BETTINA TUCCI BARTSIOTAS, Assistant Secretary-General, Controller, Office of Programme Planning, Budget and Accounts, introduced the Secretary-General’s reports on the estimates in respect of special political missions, good offices and other political initiatives authorized by the General Assembly and/or the Security Council for the United Nations Assistance Mission in Afghanistan (UNAMA) and the United Nations Assistance Mission for Iraq (UNAMI) (documents A/71/365/Add.4 and Add.5).
UNAMA’s strategic priorities were based on Security Council resolution 2274 (2016), which had extended the mandate until 17 March 2017, she said. The proposed resource requirements of $170 million for 2017 represented a net decrease of $13 million from those approved for 2016, due mainly to the proposed net reduction of 57 civilian positions and lower operational cost requirements. On the 2017 budget proposal for UNAMI, she recalled that by resolution 2299 (2016), the Security Council had extended its mandate for another year and decided that the Special Representative of the Secretary-General for Afghanistan would continue to pursue the mandate outlined in resolution 2233 (2016). As such, UNAMI requirements for 2017 totalled $117 million, down $2 million from 2016, while the staffing requirements amounted to 858 civilian staff, a reduction of 15 positions.
CARLOS RUIZ MASSIEU, Chair of the Advisory Committee on Administrative and Budgetary Questions (ACABQ), introduced that entity’s corresponding reports for UNAMA and UNAMI (documents A/71/595/Add.4 and Add.5). While the Advisory Committee had recommended approval of UNAMA staffing resources requested for 2017, he expressed concern about the high number of loan arrangements in the Mission, and regretted that adjustments to the staffing table had not been made on an annual basis within the context of the budget process, given the long?standing existence of many temporary positions, and that staff movements had not been reported for an extensive period of time.
He also expressed regret that the inter-governmental bodies had not been made aware of the actual deployments, and as a result, had examined staffing tables that did not reflect the actual deployments. More broadly, the Advisory Committee discussed matters relating to the Kuwait Joint Support Office and other structures in its main report on the special political missions, good offices and other political initiatives. The Advisory Committee continued to question the validity of maintaining separate structures in Kuwait which maintained distinct reporting lines and accountabilities. He reiterated ACABQ’s request that information on the resource requirements for security services be included in future budget submissions for the UNAMA and that the Mission use its in?house capacity, rather than rely on external consultants. He recommended a 10 per cent reduction in consultancy resources.
Turning to the report on UNAMI, he said the Advisory Committee recommended approval of the Secretary-General’s proposal for the Mission, but reiterated that he should make efforts to strengthen UNAMI’s national staffing complement by nationalizing positions. The Advisory Committee had been informed that the reductions proposed for 2017 for security staffing would impact the ability to conduct various field activities and it might be advisable to reinstate some security positions in the UNAMI budget. On the other hand, it had also been informed that the vacancies of 18 months or more for five security-related positions had not impacted the Mission’s work. He trusted that that contradiction would be clarified to the Assembly.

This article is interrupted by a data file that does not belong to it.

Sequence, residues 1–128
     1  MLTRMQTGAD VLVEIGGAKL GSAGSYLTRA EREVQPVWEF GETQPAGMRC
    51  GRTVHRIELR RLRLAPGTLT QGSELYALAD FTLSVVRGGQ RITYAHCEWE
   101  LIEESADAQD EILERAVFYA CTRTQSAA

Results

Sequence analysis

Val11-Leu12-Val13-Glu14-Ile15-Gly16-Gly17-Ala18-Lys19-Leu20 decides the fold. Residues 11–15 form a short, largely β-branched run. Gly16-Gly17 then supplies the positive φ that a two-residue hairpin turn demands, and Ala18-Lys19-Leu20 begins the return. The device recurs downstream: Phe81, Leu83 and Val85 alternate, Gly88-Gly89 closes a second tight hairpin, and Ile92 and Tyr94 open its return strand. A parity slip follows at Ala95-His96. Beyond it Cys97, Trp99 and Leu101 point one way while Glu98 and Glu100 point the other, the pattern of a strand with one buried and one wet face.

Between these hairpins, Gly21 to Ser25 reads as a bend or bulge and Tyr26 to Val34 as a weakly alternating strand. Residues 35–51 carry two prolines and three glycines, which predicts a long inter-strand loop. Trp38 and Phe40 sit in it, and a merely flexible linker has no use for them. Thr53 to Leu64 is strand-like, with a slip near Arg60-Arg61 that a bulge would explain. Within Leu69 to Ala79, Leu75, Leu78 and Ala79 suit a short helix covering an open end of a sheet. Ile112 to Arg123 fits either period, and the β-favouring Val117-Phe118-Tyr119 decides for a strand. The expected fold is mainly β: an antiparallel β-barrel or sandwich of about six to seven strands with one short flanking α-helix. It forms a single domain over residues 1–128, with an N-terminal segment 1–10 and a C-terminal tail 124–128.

IHSAN ALAWI (Iraq), underscoring the important role of the United Nations in Iraq, said that the Government sought to provide the best services to UNAMI and support it fully in carrying out its mandated tasks. Every special political mission had its own specificities, per consultations with Governments, to ensure respect for sovereignty and non-interference in internal state affairs. He appreciated the Mission’s presence in Baghdad, Irbil and Basra, where it, among other efforts, helped to promote human rights, launch a national dialogue and reconciliation, and carry out a national census, as well as promote friendly relations with neighbours and ensure legal and judicial reform.
He said the Mission also worked with United Nations humanitarian agencies to help Iraqis who had fled Islamic State in Iraq and the Levant (ISIL/Da’esh), and with the United Nations country teams to ensure a regional response to such events. The Mission must be provided human and financial resources commensurate with those tasks, he said, noting that any reductions would undermine its efforts. The proposed $117.43 million in resource requirements represented a $2 million decrease from 2016. That proposal should be reviewed. On the proposal for a net decrease of 15 posts, any unjustified abolishment of posts would also undermine the Mission’s work, and he looked forward to discussions on those matters during informal consultations.